Full Unicode strings strawman

Allen Wirfs-Brock allen at wirfs-brock.com
Mon May 16 14:53:31 PDT 2011

On May 16, 2011, at 1:37 PM, Mike Samuel wrote:

> 2011/5/16 Allen Wirfs-Brock <allen at wirfs-brock.com>:
>> ...
>>> How would
>>>    var oneSupplemental = "\U00010000";
>> I don't think I understand you literal notation. \U is a 32-bit character
>> value?  I whose implementation?
> Sorry, please read this as
>    var oneSupplemental = String.fromCharCode(0x10000);

In my proposal you would have to say String.fromCodepoint(0x10000);

In ES5 String.fromCharCode(0x10000) produced the same string as "\0".  That remains the case in my proposal.

>>>    alert(oneSupplemental.length);  //  alerts 1
>> I'll take your word for this
> If I understand, a string containing the single codepoint U+10000
> should have length 1.
>    "The length of a String is the number of elements (i.e.,
> 16-bit\b\b\b\b\b\b 21-bit values) within it."

yes, it's 1.  My gruff comment was in reference to not being sure of your literal notation

>>>    var utf16Encoded = encodeUTF16(oneSupplemental);
>>>    alert(utf16Encoded.length);  //  alerts 2
>> yes
>>>    var textNode = document.createTextNode(utf16Encoded);
>>>    alert(textNode.nodeValue.length);   // alerts ?
>> 2
>>> Does the DOM need to represent utf16Encoded internally so that it can
>>> report 2 as the length on fetch of nodeValue?
>> However the DOM representations DOMString values internally, to conform to
>> the DOM spec. it must act as if it is representing them using UTF-16.
> Ok.  This seems to present two options:
> (1) Break the internet by binding DOMStrings to a JavaScript host type
> and not to the JavaScript string type.
Not sure why this would break the internet.  At the implementation level, a key point of my proposal is that implementations can (and even today some do) have multiple different internal representations for strings.  These internal representation difference simply are not exposed to the JS program expect possiblely in terms to measurable performance differences.

> (2) DOMStrings never contain supplemental codepoints.
that's how DOMStrings are currently defined and I'm not proposing to change this.  Adding full unicode DOMStrings to the DOM spec. seems like a task for W3C.
> So for either alert(typeof
>   var roundTripped = document.createTextNode(oneSupplemental).nodeValue
> either
>    typeof roundTripped !== "string"

Not really, I'm perfectly happy to allow the DOM to continue report the type of DOMString as 'string'.  It's no different from a user constructed string that may or may not contain a UTF-16 character sequence depending upon what the user code.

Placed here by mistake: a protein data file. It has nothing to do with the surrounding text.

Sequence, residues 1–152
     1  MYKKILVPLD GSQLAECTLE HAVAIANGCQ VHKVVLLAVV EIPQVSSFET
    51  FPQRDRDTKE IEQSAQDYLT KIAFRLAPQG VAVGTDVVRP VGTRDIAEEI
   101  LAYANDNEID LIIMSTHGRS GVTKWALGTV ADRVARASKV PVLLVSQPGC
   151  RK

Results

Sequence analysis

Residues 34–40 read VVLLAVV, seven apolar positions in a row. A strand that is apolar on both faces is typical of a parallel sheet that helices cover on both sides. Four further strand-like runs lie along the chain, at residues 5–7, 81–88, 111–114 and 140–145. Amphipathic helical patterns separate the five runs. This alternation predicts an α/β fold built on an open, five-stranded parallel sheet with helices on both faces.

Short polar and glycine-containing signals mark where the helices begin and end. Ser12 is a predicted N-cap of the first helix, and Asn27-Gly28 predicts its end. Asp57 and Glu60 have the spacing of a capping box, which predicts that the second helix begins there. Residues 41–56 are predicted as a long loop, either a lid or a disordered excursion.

> or
>    roundTripped.length != oneSupplemental.length

Yes, this may be the case but only for new code that explicit builds oneSupplemental to contain a supplemental character using \u+xxxxxx or String.fromCodepoint or some other new function. All existing valid code only produces strings with codepoints limited to 0xffff

>>> If so, how can it
>>> represent that for systems that use a UTF-16 internal representation
>>> for DOMString?
>> Let me know if I haven't already answered this.
> You might have.  If you reject my assertion about option 2 above, then
> to clarify,
> The UTF-16 representation of codepoint U+10000 is the code-unit pair
> U+D8000 U+DC000.
> The UTF-16 representation of codepoint U+D8000 is the single code-unit
> U+D8000 and similarly for U+DC00.
> How can the codepoints U+D800 U+DC00 be distinguished in a DOMString
> implementation that uses UTF-16 under the hood from the codepoint
> U+10000?

I think you have an extra 0 at a couple of  places above...

A DOMstring is defined by the DOM spec. to consists of 16-bit elements that are to be interpreted as a UTF-16 encoding of Unicode characters.  It doesn't matter what implementation level representation is used for the string, the indexible positions within a DOMString is restricted to 16-bit values. At the representation level each position could even be represented by a 32-bit cell and it doesn't matter.  To be a valid DOMString element values must be in the range 0-0xffff.

I think you are unnecessarily mixing up the string semantics defined by the language, encodings that might be used in implementing the semantics, and application level processing of those strings.

To simplify things just think of a ES string as if it was an array each element of which could contain an arbitrary integer value.  If we have such an array like [0xd800, 0xdc00] at the language semantics level this is a two element array containing two well specific values.  At the language implementation level there are all sorts of representations that might be used, maybe the implementation Huffman encodes the elements...  How the application processes that array is completely up to the application.  It may treat the array simply as two integer values.  It may treated each element as a 21-bit value encoding a Unicode codepoint and logically consider the array to be a unicode string of length 2.  It may consider each element to be a 16-bit value and that sequences of values are interpreted as UTF-16 string encodings.  In that case, it could consider it to represent a string of logical length 1.

This is no different from what people do today with 16-bit char JS strings.  Many people just treat them as strings of BMP characters and ignore the possibility of supplemental characters or UTF-16 encodings.  Other people (particularly when dealing with DOMStrings) treat strings as code units of an UTF-16 encoding.  They need to use more complex sting processing algorithms to deal with logical unicode characters.


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